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The History of the Peloponnesian War

Page: 265

First therefore the Athenians went out and laid waste the lands of the Syracusans about the Anapus and carried all before them as at first by land and by sea, the Syracusans not offering to oppose them upon either element, unless it were with their cavalry and darters from the Olympieum. Next Demosthenes resolved to attempt the counterwall first by means of engines. As however the engines that he brought up were burnt by the enemy fighting from the wall, and the rest of the forces repulsed after attacking at many different points, he determined to delay no longer, and having obtained the consent of Nicias and his fellow commanders, proceeded to put in execution his plan of attacking Epipolae. As by day it seemed impossible to approach and get up without being observed, he ordered provisions for five days, took all the masons and carpenters, and other things, such as arrows, and everything else that they could want for the work of fortification if successful, and, after the first watch, set out with Eurymedon and Menander and the whole army for Epipolae, Nicias being left behind in the lines. Having come up by the hill of Euryelus (where the former army had ascended at first) unobserved by the enemy's guards, they went up to the fort which the Syracusans had there, and took it, and put to the sword part of the garrison. The greater number, however, escaped at once and gave the alarm to the camps, of which there were three upon Epipolae, defended by outworks, one of the Syracusans, one of the other Siceliots, and one of the allies; and also to the six hundred Syracusans forming the original garrison for this part of Epipolae. These at once advanced against the assailants and, falling in with Demosthenes and the Athenians, were routed by them after a sharp resistance, the victors immediately pushing on, eager to achieve the objects of the attack without giving time for their ardour to cool; meanwhile others from the very beginning were taking the counterwall of the Syracusans, which was abandoned by its garrison, and pulling down the battlements. The Syracusans and the allies, and Gylippus with the troops under his command, advanced to the rescue from the outworks, but engaged in some consternation (a night attack being a piece of audacity which they had never expected), and were at first compelled to retreat. But while the Athenians, flushed with their victory, now advanced with less order, wishing to make their way as quickly as possible through the whole force of the enemy not yet engaged, without relaxing their attack or giving them time to rally, the Boeotians made the first stand against them, attacked them, routed them, and put them to flight.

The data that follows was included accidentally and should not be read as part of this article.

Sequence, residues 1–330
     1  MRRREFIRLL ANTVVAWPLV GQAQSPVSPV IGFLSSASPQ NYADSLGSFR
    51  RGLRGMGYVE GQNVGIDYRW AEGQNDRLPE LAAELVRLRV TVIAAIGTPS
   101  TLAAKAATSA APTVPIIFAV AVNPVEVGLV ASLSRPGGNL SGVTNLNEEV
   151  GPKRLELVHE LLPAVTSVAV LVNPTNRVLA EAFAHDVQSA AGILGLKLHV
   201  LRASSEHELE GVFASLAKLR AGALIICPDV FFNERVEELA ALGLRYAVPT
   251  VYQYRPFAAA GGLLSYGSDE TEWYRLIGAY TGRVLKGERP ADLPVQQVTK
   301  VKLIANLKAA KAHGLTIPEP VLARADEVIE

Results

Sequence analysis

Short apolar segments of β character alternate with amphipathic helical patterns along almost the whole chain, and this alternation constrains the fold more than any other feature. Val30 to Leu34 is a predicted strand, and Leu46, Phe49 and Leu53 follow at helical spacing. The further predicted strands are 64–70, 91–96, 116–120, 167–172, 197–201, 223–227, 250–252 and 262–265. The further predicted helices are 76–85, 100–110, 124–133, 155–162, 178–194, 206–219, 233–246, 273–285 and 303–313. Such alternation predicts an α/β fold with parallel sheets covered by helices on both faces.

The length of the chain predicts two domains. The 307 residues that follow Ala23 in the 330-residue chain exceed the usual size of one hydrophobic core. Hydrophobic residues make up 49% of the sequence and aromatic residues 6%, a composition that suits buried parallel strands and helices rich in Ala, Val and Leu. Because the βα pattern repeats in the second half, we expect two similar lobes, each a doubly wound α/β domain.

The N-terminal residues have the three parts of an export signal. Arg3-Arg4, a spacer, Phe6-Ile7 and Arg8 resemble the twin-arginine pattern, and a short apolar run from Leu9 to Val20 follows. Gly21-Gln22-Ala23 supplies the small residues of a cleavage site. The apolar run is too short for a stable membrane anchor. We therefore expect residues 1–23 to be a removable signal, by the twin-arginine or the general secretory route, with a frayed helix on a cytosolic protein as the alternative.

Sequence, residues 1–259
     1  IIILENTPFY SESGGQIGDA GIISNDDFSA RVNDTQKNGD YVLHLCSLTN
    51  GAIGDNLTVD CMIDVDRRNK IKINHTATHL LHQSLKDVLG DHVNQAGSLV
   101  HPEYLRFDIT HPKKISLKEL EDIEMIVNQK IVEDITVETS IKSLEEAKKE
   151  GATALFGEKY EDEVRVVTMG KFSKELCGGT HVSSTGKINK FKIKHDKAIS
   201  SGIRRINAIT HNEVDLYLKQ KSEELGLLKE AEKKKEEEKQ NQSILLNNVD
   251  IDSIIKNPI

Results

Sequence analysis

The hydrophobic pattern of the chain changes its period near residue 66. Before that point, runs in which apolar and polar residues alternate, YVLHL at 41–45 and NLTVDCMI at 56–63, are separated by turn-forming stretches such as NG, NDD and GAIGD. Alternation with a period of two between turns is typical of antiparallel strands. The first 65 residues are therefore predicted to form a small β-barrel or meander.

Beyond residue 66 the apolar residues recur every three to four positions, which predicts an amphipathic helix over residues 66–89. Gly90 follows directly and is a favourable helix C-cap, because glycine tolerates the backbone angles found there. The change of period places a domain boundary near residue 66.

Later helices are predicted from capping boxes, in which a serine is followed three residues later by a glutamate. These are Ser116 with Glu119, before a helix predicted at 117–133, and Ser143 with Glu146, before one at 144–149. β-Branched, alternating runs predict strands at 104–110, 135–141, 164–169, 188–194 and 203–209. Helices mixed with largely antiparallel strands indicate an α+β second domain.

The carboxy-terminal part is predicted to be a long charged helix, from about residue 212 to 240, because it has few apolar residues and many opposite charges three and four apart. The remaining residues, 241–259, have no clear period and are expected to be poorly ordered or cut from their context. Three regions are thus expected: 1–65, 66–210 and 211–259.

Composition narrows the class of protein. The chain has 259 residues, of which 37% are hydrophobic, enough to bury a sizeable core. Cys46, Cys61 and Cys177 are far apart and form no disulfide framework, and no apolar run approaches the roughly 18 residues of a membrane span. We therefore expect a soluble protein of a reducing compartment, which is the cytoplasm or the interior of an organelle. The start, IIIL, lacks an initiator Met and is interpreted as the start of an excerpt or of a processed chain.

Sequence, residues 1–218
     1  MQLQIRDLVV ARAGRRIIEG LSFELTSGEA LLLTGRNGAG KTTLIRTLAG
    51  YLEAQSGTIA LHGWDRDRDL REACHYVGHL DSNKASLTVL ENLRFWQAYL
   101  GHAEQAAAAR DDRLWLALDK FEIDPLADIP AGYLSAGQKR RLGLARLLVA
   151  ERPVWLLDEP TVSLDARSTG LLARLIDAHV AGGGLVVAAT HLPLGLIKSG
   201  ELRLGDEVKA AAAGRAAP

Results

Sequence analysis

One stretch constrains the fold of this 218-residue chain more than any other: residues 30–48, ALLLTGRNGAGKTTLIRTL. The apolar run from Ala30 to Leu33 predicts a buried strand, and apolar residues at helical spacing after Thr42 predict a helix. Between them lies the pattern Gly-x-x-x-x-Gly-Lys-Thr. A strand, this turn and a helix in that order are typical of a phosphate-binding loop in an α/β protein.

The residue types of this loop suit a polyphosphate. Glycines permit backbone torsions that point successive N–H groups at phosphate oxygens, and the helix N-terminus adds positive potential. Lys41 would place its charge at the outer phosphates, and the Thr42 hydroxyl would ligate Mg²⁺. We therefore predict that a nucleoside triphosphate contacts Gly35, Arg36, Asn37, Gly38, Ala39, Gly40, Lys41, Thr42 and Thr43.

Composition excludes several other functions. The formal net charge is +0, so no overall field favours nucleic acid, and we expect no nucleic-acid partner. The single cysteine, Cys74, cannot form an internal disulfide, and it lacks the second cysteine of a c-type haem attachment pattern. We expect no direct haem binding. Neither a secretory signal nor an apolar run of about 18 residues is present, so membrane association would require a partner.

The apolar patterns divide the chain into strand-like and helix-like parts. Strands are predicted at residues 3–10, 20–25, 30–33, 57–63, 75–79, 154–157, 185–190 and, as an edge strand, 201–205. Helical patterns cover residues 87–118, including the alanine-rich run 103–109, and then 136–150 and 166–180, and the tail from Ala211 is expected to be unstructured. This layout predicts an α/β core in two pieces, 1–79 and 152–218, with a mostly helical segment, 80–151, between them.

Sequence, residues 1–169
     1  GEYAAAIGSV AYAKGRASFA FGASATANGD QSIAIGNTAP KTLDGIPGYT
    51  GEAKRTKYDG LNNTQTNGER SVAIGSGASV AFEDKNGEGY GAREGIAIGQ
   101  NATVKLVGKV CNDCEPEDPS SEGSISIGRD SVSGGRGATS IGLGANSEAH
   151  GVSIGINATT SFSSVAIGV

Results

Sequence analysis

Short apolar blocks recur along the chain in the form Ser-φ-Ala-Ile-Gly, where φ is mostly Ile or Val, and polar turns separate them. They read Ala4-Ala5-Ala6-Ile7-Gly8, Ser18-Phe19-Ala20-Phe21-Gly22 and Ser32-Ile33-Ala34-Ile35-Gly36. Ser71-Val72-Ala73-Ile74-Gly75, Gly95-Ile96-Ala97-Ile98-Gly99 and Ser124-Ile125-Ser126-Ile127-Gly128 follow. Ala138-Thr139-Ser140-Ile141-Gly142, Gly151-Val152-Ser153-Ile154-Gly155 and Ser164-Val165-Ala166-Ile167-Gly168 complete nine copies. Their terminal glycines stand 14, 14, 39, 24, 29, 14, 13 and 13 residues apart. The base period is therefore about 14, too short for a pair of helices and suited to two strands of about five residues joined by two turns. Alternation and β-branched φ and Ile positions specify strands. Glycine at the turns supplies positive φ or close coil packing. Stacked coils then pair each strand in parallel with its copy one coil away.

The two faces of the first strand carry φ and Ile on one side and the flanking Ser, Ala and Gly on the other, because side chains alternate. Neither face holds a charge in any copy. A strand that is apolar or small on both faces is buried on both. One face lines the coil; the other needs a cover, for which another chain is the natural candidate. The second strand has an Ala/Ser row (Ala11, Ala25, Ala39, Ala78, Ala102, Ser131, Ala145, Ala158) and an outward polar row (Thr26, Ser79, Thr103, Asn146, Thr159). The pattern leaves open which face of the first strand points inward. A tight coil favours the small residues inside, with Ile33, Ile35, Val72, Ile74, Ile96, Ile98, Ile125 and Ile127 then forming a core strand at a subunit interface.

The Athenians now fell into great disorder and perplexity, so that it was not easy to get from one side or the other any detailed account of the affair. By day certainly the combatants have a clearer notion, though even then by no means of all that takes place, no one knowing much of anything that does not go on in his own immediate neighbourhood; but in a night engagement (and this was the only one that occurred between great armies during the war) how could any one know anything for certain? Although there was a bright moon they saw each other only as men do by moonlight, that is to say, they could distinguish the form of the body, but could not tell for certain whether it was a friend or an enemy. Both had great numbers of heavy infantry moving about in a small space. Some of the Athenians were already defeated, while others were coming up yet unconquered for their first attack. A large part also of the rest of their forces either had only just got up, or were still ascending, so that they did not know which way to march. Owing to the rout that had taken place all in front was now in confusion, and the noise made it difficult to distinguish anything. The victorious Syracusans and allies were cheering each other on with loud cries, by night the only possible means of communication, and meanwhile receiving all who came against them; while the Athenians were seeking for one another, taking all in front of them for enemies, even although they might be some of their now flying friends; and by constantly asking for the watchword, which was their only means of recognition, not only caused great confusion among themselves by asking all at once, but also made it known to the enemy, whose own they did not so readily discover, as the Syracusans were victorious and not scattered, and thus less easily mistaken. The result was that if the Athenians fell in with a party of the enemy that was weaker than they, it escaped them through knowing their watchword; while if they themselves failed to answer they were put to the sword. But what hurt them as much, or indeed more than anything else, was the singing of the paean, from the perplexity which it caused by being nearly the same on either side; the Argives and Corcyraeans and any other Dorian peoples in the army, struck terror into the Athenians whenever they raised their paean, no less than did the enemy. Thus, after being once thrown into disorder, they ended by coming into collision with each other in many parts of the field, friends with friends, and citizens with citizens, and not only terrified one another, but even came to blows and could only be parted with difficulty. In the pursuit many perished by throwing themselves down the cliffs, the way down from Epipolae being narrow; and of those who got down safely into the plain, although many, especially those who belonged to the first armament, escaped through their better acquaintance with the locality, some of the newcomers lost their way and wandered over the country, and were cut off in the morning by the Syracusan cavalry and killed.


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